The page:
Michael Pacher  

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Image:Michael Pacher.jpg
The Devil Presenting St Augustine With The Book Of Vices, panel of Pacher's Kirchenväteraltar ("Fathers of the Church" altarpiece, c. 1483).
This panel is on the outside right (i.e. on the back of the Augustine panel), and would have been only visible to church-goers when the altar was closed, i.e. when no service was being held.

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Michael Pacher (c. 1435—August 1498) was an Austrian Tyrolean painter and sculptor active during the last quarter of the 15th century. His best-known work is the panel painting The Devil Presenting St Augustine With The Book Of Vices.



Michael Pacher (born c. 1435 - died August 1498, Salzburg?, Archbishopric of Salzburg) was an Austro-German Gothic painter and wood carver.

Pacher was one of the earliest artists to introduce the principles of Renaissance painting into Germany. He was a comprehensive artist with a broad range of skills: sculpting, painting, and architecture of complex wood and stone. He painted structures for altarpieces on a scale unparalleled in North European art. His work is frequently correlated with the work of Andrea Mantegna.

Pacher's masterpiece, The Altarpiece of St. Wolfgang (1471-1481), is considered one of the leading and most remarkable carved and painted altar shrines in all of European art. Pacher’s fusion of Italian Renaissance and Northern Gothic realism helped him to produce a uniquely personal style of painting.

Early Life

Pacher’s exact date of birth is not certain. What is known is that he was born in the year of 1435 near Brixen (Bressanone) on the southern slopes of the Tyrolian Alps in the territory of the Alto Adige of modern Italy.

The exact date of his birth is of comparative significance; there are credentials which confirm his attendance and actions at several periods of time and in specified regions. The regions where he lived, Val Pusteria and Alto Adige, are also of importance because they make Pacher a frontier artist.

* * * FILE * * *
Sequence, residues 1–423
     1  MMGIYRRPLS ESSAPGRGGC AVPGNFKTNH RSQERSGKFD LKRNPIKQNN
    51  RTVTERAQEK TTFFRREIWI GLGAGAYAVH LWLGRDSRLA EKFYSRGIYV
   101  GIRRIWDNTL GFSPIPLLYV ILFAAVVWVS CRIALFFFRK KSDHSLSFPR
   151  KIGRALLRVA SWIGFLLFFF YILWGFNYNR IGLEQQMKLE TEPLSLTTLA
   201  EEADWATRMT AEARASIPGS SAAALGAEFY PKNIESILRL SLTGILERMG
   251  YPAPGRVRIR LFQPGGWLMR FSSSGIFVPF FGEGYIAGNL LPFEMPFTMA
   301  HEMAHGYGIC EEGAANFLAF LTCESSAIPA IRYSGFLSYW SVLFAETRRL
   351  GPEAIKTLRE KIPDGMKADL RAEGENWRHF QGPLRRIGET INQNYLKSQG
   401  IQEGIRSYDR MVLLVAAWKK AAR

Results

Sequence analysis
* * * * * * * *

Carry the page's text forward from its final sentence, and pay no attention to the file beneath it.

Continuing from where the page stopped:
Little is known of his training. The earliest recorded work that of Pacher was an altarpiece that was dated of 1465 and authorized with his signature, but which is now lost.

Pacher visited Padua in northern Italy, where he became heavily influenced by the modern fresco work of Andrea Mantegna. Mantegna was considered the renowned master of perspective, whose stunning, low-set standpoint spatial compositions were important to the development of Pacher’s own style. Unlike most German artists of the late 15th century, Pacher’s inclination towards Italian influence set him apart from the rest of his counterparts.

Pacher is documented in 1467 as a distinguished artist/sculptor in Bruneck (the present Brunico today), some twenty-five miles east of Brixen in Pustertal (Val di Pusteria today), south Tirol, where he had a workshop for making altarpieces.

His incredible skill of wood carving and painting provided him with employment for German style altars. They usually consisted of carved figural centerpieces, carved Gothic summits on top, a platform where the altar stands below, and painted scenes on panel wings.

Pacher spent much of his time during the 1470’s in Neustift, where his work mainly consisted of painting frescoes. In 1484 he was commissioned to Salzburg by the Franciscan Order, to create an altarpiece, only portions of which are still conserved.

Much of Pacher's works have been destroyed or badly damaged, some of them during the hostilities in the late 1600's, others in 1709. His most important surviving works are the St. Wolfgang Altarpiece and the Altarpiece of the Church Fathers.

Altarpiece of St. Wolfgang

main: Saint Wolfgang Altarpiece

Altarpiece of the Church Father

The Altarpiece of the Church Fathers


Michael Pacher died in the year of 1498. The location is not certain, but he died presumably in Salzburg, which is along the border of Germany and Austria.

Unless indicated otherwise, the text in this article is either based on Wikipedia article "Michael Pacher" or another language Wikipedia page thereof used under the terms of the GNU Free Documentation License; or on research by Jahsonic and friends. See Art and Popular Culture's copyright notice.

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